3. Bliss is where happiness, meaning, and truth converge on everything. We pursue money or relationships because we think they will make us happy. We pursue our vocation, our hobbies, and our life's passions because we feel they are deeply meaningful to us. We explore science, religion and philosophical inquiry because we want to know the truth of our existence. Bliss is the universal place that these intersect, where all questions are answered, where every fulfillment is attained.
4. Bliss is found in every religion but does not require a specific religion in order to know it. Bliss is the ultimate state of consciousness that every religion holds as its highest goal and achievement, though each uses different terminology to explain it. Whether we are Christian or Hindu, Jewish or Muslim, Buddhist or atheist, Wiccan or animist, Taoist or Native American, we all strive for bliss.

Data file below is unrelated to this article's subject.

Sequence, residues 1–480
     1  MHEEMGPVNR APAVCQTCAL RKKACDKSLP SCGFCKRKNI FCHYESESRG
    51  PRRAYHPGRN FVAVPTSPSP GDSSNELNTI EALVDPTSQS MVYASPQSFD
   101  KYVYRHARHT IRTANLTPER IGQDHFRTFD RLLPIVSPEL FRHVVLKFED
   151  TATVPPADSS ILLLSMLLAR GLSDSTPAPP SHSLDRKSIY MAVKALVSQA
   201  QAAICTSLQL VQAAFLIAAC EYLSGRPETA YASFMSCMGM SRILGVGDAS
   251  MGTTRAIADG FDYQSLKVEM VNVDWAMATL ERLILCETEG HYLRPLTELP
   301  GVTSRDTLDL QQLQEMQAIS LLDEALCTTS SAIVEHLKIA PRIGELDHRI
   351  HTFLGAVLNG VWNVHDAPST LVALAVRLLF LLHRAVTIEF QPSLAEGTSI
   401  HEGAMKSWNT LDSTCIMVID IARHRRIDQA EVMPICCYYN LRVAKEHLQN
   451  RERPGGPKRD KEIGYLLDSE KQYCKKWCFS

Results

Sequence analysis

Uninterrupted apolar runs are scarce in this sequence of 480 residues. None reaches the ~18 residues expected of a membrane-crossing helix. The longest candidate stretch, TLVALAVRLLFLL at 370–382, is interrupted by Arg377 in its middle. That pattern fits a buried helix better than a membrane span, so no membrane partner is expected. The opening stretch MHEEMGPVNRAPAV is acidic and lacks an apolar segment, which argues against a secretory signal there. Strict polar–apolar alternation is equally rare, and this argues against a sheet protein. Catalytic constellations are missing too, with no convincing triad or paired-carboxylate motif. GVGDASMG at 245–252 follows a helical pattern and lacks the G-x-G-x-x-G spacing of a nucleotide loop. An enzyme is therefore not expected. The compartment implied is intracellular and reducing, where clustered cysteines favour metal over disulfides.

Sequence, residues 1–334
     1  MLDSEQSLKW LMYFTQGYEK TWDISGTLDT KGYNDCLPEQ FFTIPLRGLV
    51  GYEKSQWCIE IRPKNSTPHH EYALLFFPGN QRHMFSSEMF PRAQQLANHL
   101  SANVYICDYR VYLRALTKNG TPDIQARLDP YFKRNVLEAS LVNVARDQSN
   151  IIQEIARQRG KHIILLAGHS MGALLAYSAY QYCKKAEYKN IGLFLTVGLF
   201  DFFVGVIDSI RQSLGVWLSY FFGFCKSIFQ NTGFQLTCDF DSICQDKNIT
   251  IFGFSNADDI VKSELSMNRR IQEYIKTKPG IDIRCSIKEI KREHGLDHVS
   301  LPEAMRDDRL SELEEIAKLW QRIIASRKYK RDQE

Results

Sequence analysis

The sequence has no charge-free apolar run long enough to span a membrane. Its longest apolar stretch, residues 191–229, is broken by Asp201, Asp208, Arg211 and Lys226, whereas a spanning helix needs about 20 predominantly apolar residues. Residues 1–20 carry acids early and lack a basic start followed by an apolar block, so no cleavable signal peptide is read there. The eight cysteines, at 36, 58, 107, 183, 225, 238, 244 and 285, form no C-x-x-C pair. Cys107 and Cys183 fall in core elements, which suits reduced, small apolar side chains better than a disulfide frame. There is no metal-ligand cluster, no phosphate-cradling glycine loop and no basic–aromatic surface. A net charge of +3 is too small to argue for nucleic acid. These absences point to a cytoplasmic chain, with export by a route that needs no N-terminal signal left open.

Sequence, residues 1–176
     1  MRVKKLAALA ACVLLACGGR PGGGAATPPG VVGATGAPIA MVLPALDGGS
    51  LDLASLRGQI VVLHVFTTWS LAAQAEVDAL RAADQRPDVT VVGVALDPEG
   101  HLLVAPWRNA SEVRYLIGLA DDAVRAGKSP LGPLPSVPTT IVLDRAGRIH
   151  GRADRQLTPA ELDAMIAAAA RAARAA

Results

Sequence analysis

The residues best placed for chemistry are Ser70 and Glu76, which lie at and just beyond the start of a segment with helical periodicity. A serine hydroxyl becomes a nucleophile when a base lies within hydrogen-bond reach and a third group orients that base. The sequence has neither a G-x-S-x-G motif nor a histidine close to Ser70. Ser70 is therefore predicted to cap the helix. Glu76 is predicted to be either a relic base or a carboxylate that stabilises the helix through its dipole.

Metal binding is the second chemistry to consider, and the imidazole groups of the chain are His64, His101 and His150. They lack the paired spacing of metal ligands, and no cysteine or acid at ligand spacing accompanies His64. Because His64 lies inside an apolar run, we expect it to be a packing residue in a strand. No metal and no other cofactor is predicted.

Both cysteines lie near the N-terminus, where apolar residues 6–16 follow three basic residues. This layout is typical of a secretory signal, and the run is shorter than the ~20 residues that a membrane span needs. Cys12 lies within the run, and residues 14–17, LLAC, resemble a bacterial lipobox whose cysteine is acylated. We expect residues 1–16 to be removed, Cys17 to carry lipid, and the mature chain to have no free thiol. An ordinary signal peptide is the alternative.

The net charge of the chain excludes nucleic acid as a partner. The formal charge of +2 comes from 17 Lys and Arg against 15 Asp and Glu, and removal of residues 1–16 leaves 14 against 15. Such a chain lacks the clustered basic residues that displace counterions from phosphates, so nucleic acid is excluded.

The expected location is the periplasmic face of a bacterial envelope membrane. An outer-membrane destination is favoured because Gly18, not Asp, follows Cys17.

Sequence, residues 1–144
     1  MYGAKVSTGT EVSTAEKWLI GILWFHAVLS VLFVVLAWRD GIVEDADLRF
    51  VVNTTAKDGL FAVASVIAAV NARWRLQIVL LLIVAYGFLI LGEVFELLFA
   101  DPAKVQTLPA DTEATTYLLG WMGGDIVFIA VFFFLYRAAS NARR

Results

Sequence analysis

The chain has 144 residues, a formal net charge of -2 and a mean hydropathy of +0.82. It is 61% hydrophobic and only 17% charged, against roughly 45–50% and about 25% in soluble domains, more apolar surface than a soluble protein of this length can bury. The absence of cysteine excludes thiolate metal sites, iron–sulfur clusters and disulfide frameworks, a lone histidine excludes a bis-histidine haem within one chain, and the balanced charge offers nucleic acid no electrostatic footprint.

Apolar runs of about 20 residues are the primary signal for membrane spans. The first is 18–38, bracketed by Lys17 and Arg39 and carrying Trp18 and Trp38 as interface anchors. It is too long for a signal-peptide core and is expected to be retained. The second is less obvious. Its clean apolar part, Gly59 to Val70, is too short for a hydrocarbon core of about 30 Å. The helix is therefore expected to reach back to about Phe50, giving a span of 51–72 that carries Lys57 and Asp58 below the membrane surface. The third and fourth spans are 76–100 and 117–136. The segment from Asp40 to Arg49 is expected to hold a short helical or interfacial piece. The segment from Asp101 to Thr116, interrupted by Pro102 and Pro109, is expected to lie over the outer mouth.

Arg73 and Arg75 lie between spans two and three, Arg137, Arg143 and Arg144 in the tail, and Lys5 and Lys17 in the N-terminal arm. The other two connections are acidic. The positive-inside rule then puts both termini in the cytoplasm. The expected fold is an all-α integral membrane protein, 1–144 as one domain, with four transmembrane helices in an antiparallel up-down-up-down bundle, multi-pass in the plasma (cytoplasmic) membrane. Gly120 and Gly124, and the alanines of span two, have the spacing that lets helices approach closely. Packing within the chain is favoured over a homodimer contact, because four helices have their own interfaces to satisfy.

5. Bliss is like white light. Just as pure light is the totality of all color, bliss is the conglomeration of all positive qualities. When seen through the prism of spiritual awareness the subcomponents of bliss are joy, unconditional love, inner peace, power, connectedness, awe, and wisdom. Bliss cannot even be attained, really. The soul simply realizes that bliss simply is. It is what remains after everything external and fleeting disappears.